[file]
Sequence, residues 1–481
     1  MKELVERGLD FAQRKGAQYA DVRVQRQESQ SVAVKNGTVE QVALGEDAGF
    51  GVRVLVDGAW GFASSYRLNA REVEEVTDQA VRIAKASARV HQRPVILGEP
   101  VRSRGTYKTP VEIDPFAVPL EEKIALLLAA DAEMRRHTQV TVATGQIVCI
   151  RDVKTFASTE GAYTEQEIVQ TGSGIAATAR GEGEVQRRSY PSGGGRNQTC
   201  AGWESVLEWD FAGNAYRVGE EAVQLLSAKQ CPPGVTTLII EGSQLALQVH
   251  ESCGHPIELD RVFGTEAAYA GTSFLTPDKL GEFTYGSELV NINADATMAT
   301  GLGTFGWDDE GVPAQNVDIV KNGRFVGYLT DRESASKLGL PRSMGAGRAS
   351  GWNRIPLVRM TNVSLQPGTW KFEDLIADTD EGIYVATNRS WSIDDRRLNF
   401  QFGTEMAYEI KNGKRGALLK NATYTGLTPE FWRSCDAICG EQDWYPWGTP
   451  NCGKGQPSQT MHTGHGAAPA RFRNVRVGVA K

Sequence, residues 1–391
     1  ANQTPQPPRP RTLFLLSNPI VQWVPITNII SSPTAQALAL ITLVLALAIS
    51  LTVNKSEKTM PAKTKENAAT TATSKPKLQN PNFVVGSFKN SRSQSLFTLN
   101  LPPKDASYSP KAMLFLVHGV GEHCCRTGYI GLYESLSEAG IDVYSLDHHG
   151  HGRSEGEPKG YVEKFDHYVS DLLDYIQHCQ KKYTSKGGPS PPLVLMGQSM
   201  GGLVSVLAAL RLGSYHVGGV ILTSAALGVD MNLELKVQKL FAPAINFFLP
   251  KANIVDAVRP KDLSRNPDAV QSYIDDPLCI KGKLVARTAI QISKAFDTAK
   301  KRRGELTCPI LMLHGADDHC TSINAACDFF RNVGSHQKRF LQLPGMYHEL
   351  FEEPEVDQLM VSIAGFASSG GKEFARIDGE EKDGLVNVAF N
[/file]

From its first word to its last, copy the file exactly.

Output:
Sequence, residues 1–481
     1  MKELVERGLD FAQRKGAQYA DVRVQRQESQ SVAVKNGTVE QVALGEDAGF
    51  GVRVLVDGAW GFASSYRLNA REVEEVTDQA VRIAKASARV HQRPVILGEP
   101  VRSRGTYKTP VEIDPFAVPL EEKIALLLAA DAEMRRHTQV TVATGQIVCI
   151  RDVKTFASTE GAYTEQEIVQ TGSGIAATAR GEGEVQRRSY PSGGGRNQTC
   201  AGWESVLEWD FAGNAYRVGE EAVQLLSAKQ CPPGVTTLII EGSQLALQVH
   251  ESCGHPIELD RVFGTEAAYA GTSFLTPDKL GEFTYGSELV NINADATMAT
   301  GLGTFGWDDE GVPAQNVDIV KNGRFVGYLT DRESASKLGL PRSMGAGRAS
   351  GWNRIPLVRM TNVSLQPGTW KFEDLIADTD EGIYVATNRS WSIDDRRLNF
   401  QFGTEMAYEI KNGKRGALLK NATYTGLTPE FWRSCDAICG EQDWYPWGTP
   451  NCGKGQPSQT MHTGHGAAPA RFRNVRVGVA K

Sequence, residues 1–391
     1  ANQTPQPPRP RTLFLLSNPI VQWVPITNII SSPTAQALAL ITLVLALAIS
    51  LTVNKSEKTM PAKTKENAAT TATSKPKLQN PNFVVGSFKN SRSQSLFTLN
   101  LPPKDASYSP KAMLFLVHGV GEHCCRTGYI GLYESLSEAG IDVYSLDHHG
   151  HGRSEGEPKG YVEKFDHYVS DLLDYIQHCQ KKYTSKGGPS PPLVLMGQSM
   201  GGLVSVLAAL RLGSYHVGGV ILTSAALGVD MNLELKVQKL FAPAINFFLP
   251  KANIVDAVRP KDLSRNPDAV QSYIDDPLCI KGKLVARTAI QISKAFDTAK
   301  KRRGELTCPI LMLHGADDHC TSINAACDFF RNVGSHQKRF LQLPGMYHEL
   351  FEEPEVDQLM VSIAGFASSG GKEFARIDGE EKDGLVNVAF N